Now more than ever, the metaverse is shrouded in a layer of uncertainty and scepticism. Given the cryptocurrency crash that happened last year and increasing concerns over issues like data privacy and security, it’s not hard to see why. Already, questions have been raised about whether the metaverse might be over before it has even begun.
To Marjorie Hernandez, the metaverse remains the inevitable next iteration of the internet. As the co-founder of Web3 digital fashion marketspace The Dematerialised and Ethereum-based blockchain Lukso, she has witnessed first-hand how the conversations surrounding the metaverse accelerated rapidly over the course of 2022.
“Last year, the potential of the metaverse became really clear. We got a look at how the future of the internet could look like. But as the conversation around the metaverse spreads further, there is a growing misconception of what it is actually supposed to be,” she explains. “It’s easy to confuse it for a specific website or application, or something related to gaming, but the metaverse is just a version of the internet that has become free from the two-dimensional limitations of the screen and entered a three-dimensional space.”
“The move towards the metaverse is an inevitable trend—the cryptocurrency crash just makes the path slightly rockier”
Misconceptions and doubt are a natural part of the process, but Hernandez believes that we are in a valuable period of time when many have started to thoroughly consider the capabilities of the space. New ideas, then, will also follow.
In 2023, she predicts we will see an increase in phygital items and experiences, with brands finding ways to further enhance their product offerings through the metaverse. This will likely take the form of physical items with digital identities that not only act as certificates of authenticity, but also open doors to a range of other experiences—from event invitations to exclusive content. Following fashion’s growing presence in the metaverse, she also expects to see beauty brands becoming more prominent in the space.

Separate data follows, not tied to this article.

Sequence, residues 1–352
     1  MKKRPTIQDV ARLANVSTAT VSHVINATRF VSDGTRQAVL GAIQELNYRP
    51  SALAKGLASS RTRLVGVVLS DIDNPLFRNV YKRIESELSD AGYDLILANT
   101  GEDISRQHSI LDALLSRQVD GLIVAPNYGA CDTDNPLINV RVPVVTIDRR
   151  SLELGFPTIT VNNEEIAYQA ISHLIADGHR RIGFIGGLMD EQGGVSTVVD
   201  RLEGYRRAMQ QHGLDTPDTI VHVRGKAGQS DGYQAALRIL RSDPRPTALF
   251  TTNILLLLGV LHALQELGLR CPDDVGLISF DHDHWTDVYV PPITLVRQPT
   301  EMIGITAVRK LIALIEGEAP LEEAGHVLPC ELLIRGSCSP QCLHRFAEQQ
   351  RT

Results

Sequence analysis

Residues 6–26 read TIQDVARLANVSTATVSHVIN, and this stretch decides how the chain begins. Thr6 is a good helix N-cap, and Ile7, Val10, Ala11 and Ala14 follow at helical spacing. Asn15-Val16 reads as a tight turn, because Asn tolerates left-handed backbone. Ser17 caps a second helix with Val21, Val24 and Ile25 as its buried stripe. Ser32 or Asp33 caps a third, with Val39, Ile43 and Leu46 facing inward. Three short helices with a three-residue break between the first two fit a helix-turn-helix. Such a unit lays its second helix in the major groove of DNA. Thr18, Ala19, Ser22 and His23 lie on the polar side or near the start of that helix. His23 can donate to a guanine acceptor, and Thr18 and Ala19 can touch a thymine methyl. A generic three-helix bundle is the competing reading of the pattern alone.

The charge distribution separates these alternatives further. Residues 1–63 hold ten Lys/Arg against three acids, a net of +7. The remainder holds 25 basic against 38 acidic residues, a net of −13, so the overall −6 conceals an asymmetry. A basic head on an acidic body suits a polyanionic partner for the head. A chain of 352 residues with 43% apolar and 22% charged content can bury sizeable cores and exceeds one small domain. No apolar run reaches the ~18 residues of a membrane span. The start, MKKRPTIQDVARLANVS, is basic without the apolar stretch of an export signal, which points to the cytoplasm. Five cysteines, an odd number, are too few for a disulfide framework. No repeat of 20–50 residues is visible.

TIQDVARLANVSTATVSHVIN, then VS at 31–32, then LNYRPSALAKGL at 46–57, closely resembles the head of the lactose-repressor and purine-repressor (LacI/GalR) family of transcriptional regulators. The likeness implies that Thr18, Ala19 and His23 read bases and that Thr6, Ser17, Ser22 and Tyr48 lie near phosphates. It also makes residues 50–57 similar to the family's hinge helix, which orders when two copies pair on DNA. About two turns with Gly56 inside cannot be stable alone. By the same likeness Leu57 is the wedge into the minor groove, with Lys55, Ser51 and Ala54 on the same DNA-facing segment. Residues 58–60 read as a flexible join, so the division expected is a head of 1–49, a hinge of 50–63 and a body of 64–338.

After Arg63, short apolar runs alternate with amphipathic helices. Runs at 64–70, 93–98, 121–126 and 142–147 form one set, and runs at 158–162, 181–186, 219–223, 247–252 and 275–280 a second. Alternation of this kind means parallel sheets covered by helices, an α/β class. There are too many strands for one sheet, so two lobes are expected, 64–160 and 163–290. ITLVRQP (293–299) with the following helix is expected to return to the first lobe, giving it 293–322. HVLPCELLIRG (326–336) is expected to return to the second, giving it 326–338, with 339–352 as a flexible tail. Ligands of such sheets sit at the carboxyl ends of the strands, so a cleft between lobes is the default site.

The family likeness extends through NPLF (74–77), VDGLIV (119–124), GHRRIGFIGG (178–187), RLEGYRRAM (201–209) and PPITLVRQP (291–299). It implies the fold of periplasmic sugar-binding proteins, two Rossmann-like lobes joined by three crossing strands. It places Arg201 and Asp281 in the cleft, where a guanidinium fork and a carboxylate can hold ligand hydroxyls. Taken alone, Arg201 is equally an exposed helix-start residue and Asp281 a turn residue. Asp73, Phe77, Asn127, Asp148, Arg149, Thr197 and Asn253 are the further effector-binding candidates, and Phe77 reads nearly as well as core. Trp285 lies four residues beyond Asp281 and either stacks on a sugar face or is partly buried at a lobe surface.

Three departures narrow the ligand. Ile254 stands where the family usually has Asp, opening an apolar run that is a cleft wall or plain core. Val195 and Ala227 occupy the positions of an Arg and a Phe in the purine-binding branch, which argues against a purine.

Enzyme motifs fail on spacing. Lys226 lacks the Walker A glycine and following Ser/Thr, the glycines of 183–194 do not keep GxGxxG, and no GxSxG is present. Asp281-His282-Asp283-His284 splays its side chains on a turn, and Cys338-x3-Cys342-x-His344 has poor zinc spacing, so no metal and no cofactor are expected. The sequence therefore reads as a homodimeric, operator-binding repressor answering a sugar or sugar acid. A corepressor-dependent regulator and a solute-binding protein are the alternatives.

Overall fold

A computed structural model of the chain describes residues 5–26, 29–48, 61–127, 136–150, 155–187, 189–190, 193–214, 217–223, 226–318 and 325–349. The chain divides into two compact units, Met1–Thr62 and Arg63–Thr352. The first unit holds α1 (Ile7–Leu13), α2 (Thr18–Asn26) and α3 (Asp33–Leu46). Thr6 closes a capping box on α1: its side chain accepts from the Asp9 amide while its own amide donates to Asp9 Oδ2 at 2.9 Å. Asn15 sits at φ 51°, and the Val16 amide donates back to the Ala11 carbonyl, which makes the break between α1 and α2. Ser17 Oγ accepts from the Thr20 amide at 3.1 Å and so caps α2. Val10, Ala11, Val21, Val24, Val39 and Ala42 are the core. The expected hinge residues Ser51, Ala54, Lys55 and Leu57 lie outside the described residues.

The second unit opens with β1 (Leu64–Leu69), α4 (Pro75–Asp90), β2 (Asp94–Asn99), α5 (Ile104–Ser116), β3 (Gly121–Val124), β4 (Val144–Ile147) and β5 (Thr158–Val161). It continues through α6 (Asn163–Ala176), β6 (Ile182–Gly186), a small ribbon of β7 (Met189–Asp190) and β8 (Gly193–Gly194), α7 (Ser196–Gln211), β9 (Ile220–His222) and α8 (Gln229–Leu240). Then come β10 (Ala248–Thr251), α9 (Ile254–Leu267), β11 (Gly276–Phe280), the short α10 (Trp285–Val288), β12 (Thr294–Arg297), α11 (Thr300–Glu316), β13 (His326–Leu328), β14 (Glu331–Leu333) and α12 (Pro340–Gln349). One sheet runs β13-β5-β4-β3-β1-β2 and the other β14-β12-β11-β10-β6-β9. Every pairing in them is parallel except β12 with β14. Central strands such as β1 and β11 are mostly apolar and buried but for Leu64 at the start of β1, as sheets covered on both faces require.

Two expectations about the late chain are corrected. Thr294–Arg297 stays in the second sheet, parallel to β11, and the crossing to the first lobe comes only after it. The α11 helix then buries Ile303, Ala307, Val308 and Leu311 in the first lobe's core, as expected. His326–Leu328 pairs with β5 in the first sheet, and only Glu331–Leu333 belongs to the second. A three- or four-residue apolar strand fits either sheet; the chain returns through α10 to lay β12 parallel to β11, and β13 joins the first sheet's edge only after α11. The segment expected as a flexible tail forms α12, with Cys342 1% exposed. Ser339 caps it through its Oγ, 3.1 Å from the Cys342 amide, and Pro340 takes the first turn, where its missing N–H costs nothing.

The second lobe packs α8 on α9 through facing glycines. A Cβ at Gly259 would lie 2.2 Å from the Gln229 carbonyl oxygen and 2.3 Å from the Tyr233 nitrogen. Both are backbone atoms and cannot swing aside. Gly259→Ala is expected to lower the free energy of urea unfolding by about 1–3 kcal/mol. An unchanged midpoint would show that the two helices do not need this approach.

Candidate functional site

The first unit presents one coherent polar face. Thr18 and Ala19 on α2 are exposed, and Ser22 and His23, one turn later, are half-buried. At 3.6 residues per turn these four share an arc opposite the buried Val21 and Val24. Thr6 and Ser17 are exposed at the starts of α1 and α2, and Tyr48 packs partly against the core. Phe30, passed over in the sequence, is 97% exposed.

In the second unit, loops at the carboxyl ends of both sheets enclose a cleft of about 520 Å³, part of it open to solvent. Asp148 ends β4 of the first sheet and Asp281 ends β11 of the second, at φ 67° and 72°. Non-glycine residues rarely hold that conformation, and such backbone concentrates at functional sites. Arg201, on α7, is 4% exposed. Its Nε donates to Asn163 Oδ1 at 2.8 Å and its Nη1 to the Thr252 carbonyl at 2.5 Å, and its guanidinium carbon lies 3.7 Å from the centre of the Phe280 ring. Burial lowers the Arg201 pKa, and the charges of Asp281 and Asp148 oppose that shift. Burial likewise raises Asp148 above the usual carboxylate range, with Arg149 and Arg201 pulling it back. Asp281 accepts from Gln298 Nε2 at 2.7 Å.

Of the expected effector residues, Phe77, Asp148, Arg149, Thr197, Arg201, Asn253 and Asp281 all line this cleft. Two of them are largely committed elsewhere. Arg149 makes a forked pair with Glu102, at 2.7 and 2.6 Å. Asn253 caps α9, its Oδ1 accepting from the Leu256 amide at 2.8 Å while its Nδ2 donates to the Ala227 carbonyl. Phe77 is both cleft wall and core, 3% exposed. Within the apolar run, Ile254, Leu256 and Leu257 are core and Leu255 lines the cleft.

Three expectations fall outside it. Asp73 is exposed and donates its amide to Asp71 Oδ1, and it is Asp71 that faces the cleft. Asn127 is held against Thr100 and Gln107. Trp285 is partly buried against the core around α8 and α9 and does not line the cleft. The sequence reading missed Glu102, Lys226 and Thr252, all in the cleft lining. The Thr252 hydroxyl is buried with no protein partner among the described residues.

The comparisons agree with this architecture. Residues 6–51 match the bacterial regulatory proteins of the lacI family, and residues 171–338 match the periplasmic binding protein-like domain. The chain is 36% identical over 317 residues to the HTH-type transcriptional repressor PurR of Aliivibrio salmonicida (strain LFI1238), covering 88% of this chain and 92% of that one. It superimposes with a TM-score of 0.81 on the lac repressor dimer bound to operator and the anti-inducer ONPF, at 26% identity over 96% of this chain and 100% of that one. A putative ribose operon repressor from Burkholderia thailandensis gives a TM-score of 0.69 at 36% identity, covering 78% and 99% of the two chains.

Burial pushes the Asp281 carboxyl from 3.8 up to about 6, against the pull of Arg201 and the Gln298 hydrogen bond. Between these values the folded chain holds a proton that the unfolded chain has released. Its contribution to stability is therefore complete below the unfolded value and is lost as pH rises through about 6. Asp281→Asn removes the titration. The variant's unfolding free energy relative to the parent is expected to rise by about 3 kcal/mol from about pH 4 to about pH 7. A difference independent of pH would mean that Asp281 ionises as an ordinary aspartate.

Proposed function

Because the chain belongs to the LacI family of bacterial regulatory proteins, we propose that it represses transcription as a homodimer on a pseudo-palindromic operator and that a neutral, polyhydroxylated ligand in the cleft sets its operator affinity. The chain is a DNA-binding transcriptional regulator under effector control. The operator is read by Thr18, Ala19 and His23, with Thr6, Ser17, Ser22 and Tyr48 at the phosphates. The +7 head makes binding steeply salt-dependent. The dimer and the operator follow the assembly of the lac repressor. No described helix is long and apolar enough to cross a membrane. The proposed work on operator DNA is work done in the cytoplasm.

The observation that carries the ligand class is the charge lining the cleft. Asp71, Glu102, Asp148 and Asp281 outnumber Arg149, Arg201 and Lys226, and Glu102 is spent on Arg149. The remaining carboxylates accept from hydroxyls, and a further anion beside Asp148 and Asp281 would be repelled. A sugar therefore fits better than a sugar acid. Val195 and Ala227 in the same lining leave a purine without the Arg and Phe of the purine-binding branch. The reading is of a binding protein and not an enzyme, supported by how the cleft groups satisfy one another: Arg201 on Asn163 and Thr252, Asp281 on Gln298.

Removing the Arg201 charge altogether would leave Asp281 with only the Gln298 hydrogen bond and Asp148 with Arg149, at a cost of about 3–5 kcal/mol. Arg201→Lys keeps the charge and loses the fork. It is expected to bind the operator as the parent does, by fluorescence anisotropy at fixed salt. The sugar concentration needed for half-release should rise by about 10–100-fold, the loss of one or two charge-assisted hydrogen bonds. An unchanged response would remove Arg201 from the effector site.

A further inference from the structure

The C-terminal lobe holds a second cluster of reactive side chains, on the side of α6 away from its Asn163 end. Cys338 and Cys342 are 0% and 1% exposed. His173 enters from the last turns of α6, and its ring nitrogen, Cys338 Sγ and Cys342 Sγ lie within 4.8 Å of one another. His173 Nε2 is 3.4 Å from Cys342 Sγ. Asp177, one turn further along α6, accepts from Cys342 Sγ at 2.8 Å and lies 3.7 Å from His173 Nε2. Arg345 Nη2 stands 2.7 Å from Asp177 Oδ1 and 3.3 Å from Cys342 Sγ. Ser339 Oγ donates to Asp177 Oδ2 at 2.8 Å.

“Users of the future want products that offer more. Rather than something static and unchanging, they want an item that evolves with them to provide new and exciting experiences,” Hernandez shares. “For brands, the focus will be on creating products that go beyond just being beautiful or functional. There’s a particular lifestyle that comes embedded in each item.”
Metaverse companies will also need to develop products that make the space less intimidating for new users. And with an increase in the number of people entering the metaverse, Hernandez expects to see lower prices across the space.
As with all things new, it’s unavoidable that the metaverse will face scrutiny. The effects of last year’s cryptocurrency crash are still ongoing, and Hernandez thinks apprehension around the space is understandable. “Unfortunately, in such a young industry, if one sector is doing badly, it affects the perception of the industry as a whole.”
Still, she believes that the crash will not have lasting repercussions on the longevity of the space. She explains: “The move towards the metaverse is an inevitable trend—there’s no way to set it back. The crash just makes the path towards it slightly rockier.”
The question, she believes, is not whether the metaverse will happen, but rather, what we will find within the space when it becomes widespread. “We need to create a metaverse filled with things that people will really love doing. Whatever we build, it has to be exciting, it has to make people happier and it has to improve their lives.”